The ‘Cocktail’ ring is a statement jewel like no other and its long history is an interesting one with a distinctly American flair!
If we go back to the American Prohibition era of the 1920’s it was a time where alcohol was banned and people held parties in secret. The problem was that the taste of the bootleg alcohol around at that time was awful, so, to disguise this it was mixed with other ingredients often brightly coloured. The cocktail drink had arrived.
At the same time the role of women in society was changing which was reflected in their fashions. Rings with large bright stones reflecting the colours of the drinks they were illegally enjoying became popular and were worn by women as a symbol of their rebellion. So these rings became known as cocktail rings.
9ct gold green amethyst & diamond ring
18ct white gold ruby & diamond cluster ring
The depth of colour aquamarine is outstanding. Set with diamonds in 18ct gold ring.
18ct white gold sapphire & diamond multi cluster ring
Moving onto the 1930’s when the Prohibition has lifted, cocktail parties were then known as dinner parties and bright coloured gemstone rings took centre stage. Garnets, aquamarines or emeralds accompanied by small diamonds were the ultimate accessory.
These rings hit the height of popularity in the 1940’s and 50’s, were out of vogue in the 60’s and 70’s, but made a comeback in the 80’s through to today. Meghan Markle, the Duchess of Sussex wore a stunning aquamarine cocktail ring at her wedding to Prince Harry.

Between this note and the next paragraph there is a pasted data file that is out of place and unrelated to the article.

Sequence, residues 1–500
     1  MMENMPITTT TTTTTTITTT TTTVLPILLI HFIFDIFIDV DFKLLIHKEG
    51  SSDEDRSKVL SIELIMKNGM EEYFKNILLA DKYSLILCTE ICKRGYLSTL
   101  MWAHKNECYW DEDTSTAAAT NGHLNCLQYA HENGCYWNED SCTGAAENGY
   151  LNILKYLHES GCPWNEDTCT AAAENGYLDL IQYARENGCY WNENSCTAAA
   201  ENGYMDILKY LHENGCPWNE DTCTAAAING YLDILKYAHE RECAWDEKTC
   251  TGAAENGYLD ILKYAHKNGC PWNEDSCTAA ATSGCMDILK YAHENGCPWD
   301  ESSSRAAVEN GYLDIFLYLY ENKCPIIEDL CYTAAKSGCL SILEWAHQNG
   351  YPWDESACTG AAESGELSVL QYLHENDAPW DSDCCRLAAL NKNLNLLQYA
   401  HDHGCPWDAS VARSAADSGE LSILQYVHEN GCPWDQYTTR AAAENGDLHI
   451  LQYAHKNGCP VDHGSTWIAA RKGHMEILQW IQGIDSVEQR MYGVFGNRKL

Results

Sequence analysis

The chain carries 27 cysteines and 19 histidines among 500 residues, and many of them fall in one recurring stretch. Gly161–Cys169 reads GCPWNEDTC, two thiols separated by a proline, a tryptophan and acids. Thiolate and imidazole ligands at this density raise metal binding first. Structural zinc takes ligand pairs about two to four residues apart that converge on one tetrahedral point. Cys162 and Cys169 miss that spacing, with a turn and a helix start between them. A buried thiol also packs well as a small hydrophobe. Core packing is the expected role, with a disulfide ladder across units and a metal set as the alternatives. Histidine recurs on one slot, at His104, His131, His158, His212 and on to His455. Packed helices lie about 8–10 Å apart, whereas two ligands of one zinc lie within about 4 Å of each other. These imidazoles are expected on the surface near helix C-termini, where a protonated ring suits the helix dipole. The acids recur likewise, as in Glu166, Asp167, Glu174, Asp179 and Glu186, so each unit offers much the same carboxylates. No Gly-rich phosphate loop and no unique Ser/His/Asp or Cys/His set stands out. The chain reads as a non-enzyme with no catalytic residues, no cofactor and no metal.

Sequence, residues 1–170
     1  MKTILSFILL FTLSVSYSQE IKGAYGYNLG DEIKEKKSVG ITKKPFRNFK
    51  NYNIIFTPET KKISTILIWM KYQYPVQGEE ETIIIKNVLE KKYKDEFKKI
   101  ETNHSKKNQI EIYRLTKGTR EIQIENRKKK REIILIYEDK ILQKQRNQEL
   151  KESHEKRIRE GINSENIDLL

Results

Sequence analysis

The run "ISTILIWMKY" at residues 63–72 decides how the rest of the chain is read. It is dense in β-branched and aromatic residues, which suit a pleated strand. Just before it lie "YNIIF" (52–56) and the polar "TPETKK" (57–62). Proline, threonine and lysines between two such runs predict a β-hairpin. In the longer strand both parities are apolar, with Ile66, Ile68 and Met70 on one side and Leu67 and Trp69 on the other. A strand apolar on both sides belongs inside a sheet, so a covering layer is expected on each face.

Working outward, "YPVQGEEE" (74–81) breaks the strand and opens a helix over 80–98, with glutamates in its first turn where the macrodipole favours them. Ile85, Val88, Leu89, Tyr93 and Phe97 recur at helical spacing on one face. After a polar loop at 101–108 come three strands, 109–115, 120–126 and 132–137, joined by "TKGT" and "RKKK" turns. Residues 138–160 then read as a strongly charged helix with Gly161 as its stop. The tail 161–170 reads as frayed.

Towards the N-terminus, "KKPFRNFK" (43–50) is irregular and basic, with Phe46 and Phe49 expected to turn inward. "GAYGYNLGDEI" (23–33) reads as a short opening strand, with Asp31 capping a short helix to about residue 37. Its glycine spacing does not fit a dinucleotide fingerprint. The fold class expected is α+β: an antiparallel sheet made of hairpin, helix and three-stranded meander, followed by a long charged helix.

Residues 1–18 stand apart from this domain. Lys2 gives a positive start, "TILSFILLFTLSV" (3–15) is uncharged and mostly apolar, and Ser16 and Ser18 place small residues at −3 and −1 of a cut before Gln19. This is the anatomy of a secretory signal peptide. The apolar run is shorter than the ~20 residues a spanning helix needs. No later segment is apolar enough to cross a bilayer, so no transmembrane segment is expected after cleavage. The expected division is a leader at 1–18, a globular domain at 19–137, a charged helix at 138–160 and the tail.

The tradition of wearing the cocktail ring on the right hand was a way of showing off a women’s independence and the ability to buy things for themselves. It was to make it clear that the ring was not an engagement ring!
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Silver amethyst & marcasite large ring
Silver marcasite & amethyst square ring
Second hand 18ct white gold pear shaped diamond cluster ring
This independence in women’s attitudes was highlighted in 2003 when De Beers launched its ‘Raise your Right Hand ‘campaign targeting women to buy a diamond ring for themselves. With catch lines such as ‘your left hand rocks the cradle. Your right hand rules the world’ the campaign became a huge success!
In the UK and US when a ring is worn on the left hand this tends to be earmarked for love and commitment and represents ‘we’ whereas wearing on the right hand says ‘me’.
As interesting as the symbolism and the past history of the design may be, we tend to choose a piece of jewellery because we love the look, and the cocktail ring in particular is all about making a bold statement. Wearing jewels is a way to express the woman you are without saying a word.